You should study Classics only if you are passionate about it. At university level, there is a huge step up from A-Level competencies, but one that is entirely manageable provided you have strong fundamentals and a willingness to learn. The basic requirements are Latin at A-Level (or equivalent qualiﬁcation), considerable enthusiasm for the subject, and a willingness to work hard on what is renowned as one of the most diﬃcult course.
The course offers a unique opportunity to study across a wide range of disciplines like no other. In the context of the classics you may study poetry, politics, philosophy, gender issues, war, prehistory, oratory, sculpture, the evolution of language, and the earliest theory of atoms and science – all within a short space of time. The subject certainly keeps you on your toes and has something for everyone.
When applying to Oxbridge, you will have to complete a UCAS form before the October 15th deadline. Candidates are only allowed to apply to one of Oxford or Cambridge, and they can choose to apply to a particular college, or make an open application. As part of the UCAS form, you will have to write a 4000 character personal statement, and a teacher will have to provide a reference. The institution code for Cambridge is CAM C05 and for Oxford is O33.
The UCAS code for undergraduate Classics is Q800 at Oxford and Q800 BA/CGL for the three-year course or Q801 BA/CGL4 for the four year course at Cambridge. Applicants may only apply for Oxford or Cambridge, but not both. It is usual to stipulate a choice of college in the UCAS application, although both universities allow you to make an ‘open’ application via that university’s central admissions office which will then allocate you to a particular. Those wishing to make and open application should enter a ‘9’ in the campus choice box on their UCAS form
Cambridge Undergraduate Course requirements:
Cambridge is one of the top few universities in the world and the Cambridge Classics department is one of the finest in the UK. The 3 year course is suitable for those who have studied Latin, regardless of whether they have studied greek, whereas the 4 year course is suited for those who have no Latin prior study. Years 2, 3 and 4 are identical to the three years of the three-year degree.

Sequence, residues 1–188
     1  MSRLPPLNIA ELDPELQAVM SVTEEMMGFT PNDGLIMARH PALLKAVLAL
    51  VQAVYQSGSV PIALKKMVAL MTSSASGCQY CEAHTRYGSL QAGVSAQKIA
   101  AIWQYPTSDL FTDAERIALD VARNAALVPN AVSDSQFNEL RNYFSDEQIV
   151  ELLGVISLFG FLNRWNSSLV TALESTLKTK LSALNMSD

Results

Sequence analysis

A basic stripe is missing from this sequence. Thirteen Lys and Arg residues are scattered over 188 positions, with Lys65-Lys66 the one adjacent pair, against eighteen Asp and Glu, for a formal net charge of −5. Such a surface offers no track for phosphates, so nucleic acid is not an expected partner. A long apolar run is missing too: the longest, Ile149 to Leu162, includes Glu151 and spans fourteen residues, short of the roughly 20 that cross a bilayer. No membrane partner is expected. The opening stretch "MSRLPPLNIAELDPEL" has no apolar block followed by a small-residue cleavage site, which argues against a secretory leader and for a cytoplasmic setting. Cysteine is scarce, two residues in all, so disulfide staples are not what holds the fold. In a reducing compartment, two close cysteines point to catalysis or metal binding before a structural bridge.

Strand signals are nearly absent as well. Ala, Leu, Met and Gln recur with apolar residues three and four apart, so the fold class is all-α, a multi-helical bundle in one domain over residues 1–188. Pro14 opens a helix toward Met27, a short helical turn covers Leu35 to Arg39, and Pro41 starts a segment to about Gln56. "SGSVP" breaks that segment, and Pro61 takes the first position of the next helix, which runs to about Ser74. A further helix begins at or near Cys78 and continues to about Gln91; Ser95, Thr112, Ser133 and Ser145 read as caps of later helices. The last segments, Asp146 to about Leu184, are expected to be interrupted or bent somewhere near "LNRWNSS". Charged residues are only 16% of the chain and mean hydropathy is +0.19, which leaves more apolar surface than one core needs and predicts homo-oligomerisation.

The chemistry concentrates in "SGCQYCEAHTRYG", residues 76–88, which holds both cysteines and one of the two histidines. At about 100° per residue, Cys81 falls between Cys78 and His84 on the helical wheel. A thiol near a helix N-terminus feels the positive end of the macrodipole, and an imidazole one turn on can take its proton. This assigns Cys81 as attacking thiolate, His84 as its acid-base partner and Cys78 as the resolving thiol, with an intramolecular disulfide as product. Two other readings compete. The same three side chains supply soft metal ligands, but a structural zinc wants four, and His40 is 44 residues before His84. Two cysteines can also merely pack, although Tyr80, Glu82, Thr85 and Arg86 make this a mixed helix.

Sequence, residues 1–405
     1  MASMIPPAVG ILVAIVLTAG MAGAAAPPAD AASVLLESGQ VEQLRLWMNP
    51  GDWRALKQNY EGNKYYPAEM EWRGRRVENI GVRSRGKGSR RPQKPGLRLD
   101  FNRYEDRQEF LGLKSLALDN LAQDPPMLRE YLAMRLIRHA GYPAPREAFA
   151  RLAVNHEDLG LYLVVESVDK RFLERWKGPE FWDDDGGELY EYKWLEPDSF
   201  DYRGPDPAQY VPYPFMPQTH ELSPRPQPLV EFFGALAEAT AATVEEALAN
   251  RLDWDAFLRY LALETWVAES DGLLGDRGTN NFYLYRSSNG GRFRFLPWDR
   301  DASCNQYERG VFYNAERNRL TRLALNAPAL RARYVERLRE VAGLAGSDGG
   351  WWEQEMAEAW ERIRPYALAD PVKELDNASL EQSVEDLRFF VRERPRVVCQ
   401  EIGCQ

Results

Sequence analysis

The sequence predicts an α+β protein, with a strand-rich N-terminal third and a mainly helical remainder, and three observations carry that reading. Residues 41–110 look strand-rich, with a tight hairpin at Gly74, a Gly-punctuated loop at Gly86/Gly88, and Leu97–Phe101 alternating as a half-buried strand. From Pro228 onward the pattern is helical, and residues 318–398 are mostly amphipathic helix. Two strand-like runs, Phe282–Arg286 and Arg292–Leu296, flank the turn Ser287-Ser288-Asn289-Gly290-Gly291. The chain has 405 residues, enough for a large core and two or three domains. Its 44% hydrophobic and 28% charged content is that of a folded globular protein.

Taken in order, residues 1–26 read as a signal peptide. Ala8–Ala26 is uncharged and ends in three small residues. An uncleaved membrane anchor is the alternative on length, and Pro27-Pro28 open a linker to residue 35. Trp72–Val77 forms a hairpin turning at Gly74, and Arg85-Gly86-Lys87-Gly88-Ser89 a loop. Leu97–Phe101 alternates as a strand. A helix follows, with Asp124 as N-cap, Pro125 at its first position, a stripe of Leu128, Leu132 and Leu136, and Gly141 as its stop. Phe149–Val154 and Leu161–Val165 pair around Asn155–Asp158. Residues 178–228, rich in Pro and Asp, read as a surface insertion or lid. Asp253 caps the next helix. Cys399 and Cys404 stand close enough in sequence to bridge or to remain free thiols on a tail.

Several other options are available, including combining Classical Greek or Classical Latin with a modern language.
Admissions are handled by individual colleges, but the procedures and requirements are broadly similar. In order to assess applicants for the course, all colleges require evidence of potential to work at a much higher level than A-level. In almost all cases, this will take the form of a pre-submitted school essay, but may also involve an additional test at interview.
A Level: A*AA
IB: 40-41 points, with 776 at Higher Level
Oxford Undergraduate Course requirements:
Like Cambridge, there are very few compulsory subjects at Oxford, but having studied Latin and Greek is preferable, if only because it shows your commitment and passion, as well as proficiency in the subject. Classics is a logical subject, so the only prerequisite is that you need to show that you can argue clearly and concisely as you discuss problems in the context of a supervision and among your peers. For some of you, this way of thinking will be your goal. Others will want to see what further can be discovered.
A-levels: AAA with A’s in Latin and Greek, if taken.
• Advanced Highers: AA/AAB with A’s in Latin and Greek, if taken.
• IB: 39 including core points with 7, 6, 6 at Higher level and an aggregate of 13 in Latin and Greek, if taken.
If shortlisted for interview, these will be predominantly academic. You may be asked to discuss problems of a type that you have never seen before where the interiewers want to see how you can respond and how intellectually plastic you are, rather than find out simply what you have been taught. This has to do with a candidate’s potential to think imaginatively, deeply and in a structured manner about the huge volume of sources in Classics.
Tutors will, in addition to assessing aptitude and technical skills, seek in successful candidates:
A. an enquiring minds,
B. the ability to think and work independently, and
C. perseverance and enthusiasm,
As part of your application you will be required to submit two essays or commentaries. Normally these will be in areas relevant to Classics. They should preferably not be short, timed essays or exercises answering questions on a short passage of text.
All candidates must take the Classics Admissions Test (CAT), normally at their own school or college. This test is in three parts: the Latin test, the Greek test and the Classics Language Aptitude Test and each part lasts an hour. Candidates who are studying Latin or Greek to A-level or equivalent (those applying for Course I) must take the test(s) in the language(s) you are studying. Candidates who are studying neither Latin nor Greek to A-level or equivalent (those applying for Course II) must take the Classics Language Aptitude Test.
Candidates taking joint schools, that is either Classics with Modern languages or Classics with English will also have to take the relevant entrance exams for their subject.
Common questions regarding the Oxford and Cambridge Classics Courses:
Is there a difference between Oxford and Cambridge?
How do I know I’m clever enough for such an academic degree?
Will tutors be looking to see if I will make a good Classicist or are they only looking at my grades?
What careers can I pursue after Classics?
Mentors will be answering these and any other questions at Schools’ Interview Preparation Days or during Private tuition. Alternatively, read some of our blog entries or send us an email and we will try to help you out as best we can.